Frankenstein (1931). Charles D. Hall was as responsible for Universal's Golden Age of Horror as anybody else, thanks to the influential gothic style he brought to (among others) Dracula, The Old Dark House and Bride of Frankenstein. His moody sets for this Karloff classic were employed in subsequent Universal releases, and Mel Brooks even dug the intricate lab equipment out of storage for his 1974 spoof, Young Frankenstein.
Wuthering Heights (1939). Despite its decidedly "English" look, this lavish love story was actually filmed in Ventura County, California. Recreating the period sets (e.g., the gloomy mansion) was par for the time, but producer Samuel Goldwyn and crew went so far as to import kilos of heather from Great Britain in order to replicate the Yorkshire moors.
The Hustler (1961). It was only fair that, during much of the 40s through 60s, the Academy handed out separate Art Direction Oscars for color and black-and-white films. The color recipients tended to be splashy musicals or extravagant epics (The King and I, Doctor Zhivago), while the black-and-white champs skewed toward more realistic, minimalist fare (To Kill a Mockingbird, Who's Afraid of Virginia Woolf?). For this black-and-white victor, that translates into a sweaty, grungy atmosphere, as Fast Eddie Felson (Paul Newman) spends his time in smoke-layered pool halls and dingy hotel rooms.
The Poseidon Adventure (1972). Art direction has always been an integral part of disaster flicks; after all, without sets, what would there be to destroy besides precarious careers? This boasts of an especially imaginative set concept (an ocean liner upended by a tidal wave), as the characters must grapple with a world that has literally been turned upside down.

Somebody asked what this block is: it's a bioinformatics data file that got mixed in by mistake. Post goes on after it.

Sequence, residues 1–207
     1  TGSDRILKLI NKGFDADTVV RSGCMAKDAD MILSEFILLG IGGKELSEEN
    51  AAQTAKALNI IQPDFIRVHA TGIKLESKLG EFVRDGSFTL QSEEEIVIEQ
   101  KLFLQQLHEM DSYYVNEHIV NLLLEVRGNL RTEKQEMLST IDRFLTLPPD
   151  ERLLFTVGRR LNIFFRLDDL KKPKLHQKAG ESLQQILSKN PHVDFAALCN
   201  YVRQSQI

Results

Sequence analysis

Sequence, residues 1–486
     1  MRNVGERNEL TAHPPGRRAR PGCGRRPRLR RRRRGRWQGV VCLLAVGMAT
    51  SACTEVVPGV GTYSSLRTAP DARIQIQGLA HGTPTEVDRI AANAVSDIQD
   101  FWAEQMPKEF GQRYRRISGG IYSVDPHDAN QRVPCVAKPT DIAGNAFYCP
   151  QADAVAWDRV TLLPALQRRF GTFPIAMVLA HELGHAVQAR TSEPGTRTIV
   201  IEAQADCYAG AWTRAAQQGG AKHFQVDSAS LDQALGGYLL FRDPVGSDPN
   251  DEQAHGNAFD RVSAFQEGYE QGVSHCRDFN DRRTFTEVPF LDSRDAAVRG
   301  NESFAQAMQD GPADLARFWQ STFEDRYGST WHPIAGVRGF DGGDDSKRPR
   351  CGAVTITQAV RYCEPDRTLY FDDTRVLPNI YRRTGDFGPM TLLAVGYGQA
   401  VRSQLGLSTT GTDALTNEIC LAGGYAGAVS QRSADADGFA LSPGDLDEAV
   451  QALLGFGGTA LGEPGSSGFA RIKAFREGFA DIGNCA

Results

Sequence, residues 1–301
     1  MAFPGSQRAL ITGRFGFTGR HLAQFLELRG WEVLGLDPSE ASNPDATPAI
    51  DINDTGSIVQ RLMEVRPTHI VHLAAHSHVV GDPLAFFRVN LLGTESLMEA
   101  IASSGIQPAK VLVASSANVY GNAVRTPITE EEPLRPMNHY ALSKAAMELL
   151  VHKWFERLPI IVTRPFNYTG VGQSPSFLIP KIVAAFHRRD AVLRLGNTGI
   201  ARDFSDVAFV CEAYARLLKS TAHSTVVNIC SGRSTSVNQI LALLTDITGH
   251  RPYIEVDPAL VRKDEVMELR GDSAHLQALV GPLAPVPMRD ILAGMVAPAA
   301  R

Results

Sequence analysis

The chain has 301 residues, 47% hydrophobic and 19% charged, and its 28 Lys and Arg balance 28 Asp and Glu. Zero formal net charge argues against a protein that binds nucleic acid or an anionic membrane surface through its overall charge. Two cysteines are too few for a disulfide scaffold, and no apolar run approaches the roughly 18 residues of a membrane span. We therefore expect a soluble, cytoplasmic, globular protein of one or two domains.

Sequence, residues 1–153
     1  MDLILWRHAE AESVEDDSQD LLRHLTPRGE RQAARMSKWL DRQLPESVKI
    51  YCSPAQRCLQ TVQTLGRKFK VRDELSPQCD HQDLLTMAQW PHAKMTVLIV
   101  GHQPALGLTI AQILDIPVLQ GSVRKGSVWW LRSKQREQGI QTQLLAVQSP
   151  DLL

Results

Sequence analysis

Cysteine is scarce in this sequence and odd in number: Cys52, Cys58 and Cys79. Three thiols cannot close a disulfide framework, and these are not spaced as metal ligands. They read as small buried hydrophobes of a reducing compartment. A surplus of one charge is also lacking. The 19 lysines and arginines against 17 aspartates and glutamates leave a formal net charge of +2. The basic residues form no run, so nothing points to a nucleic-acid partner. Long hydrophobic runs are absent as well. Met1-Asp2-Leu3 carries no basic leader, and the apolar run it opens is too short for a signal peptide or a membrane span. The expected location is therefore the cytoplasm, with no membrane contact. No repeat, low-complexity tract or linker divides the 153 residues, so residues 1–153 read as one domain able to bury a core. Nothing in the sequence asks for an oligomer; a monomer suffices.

Blade Runner (1982). This Ridley Scott production, a film noir-science fiction hybrid set in 2022 Los Angeles, was hardly a critical darling when it debuted (only later was it recognized as a masterpiece), yet even its detractors felt obliged to toss in a sentence about the piece's brilliant visual scheme. And small wonder: With its depiction of an angular, neon-lit LA, in which the characters' identities are as nebulous as the polluted air they breathe, the film has emerged as a modern milestone in the history of art direction.
Full Metal Jacket (1987). The first half of this Kubrick gem is set in a Marine training camp as cold and aloof as the young soldiers are expected to be; the second part takes place largely in a Vietnam we rarely ever see on screen: a bombed out town, as opposed to the thick jungle foliage we're used to witnessing. Kubrick filmed the entire project in England, with Anton Furst expertly recreating the American and Vietnamese terrains. Between Full Metal Jacket, the 1984 Freudian werewolf tale The Company of Wolves and 1989's Batman (for which he received an Academy Award), Furst had established himself as an exceptional set designer before committing suicide in 1991.
Dick Tracy (1990). The screenplay is about as shallow as a bird bath, but the Oscar-winning visual design more than makes up for it. Veteran Richard Sylbert managed to turn this into a live-action comic book, creating generic, two-dimensional sets and bringing them to life using only primary colors. The result is mesmerizing: When even stairs and lampposts are dazzling to behold, you know there's real movie magic at work.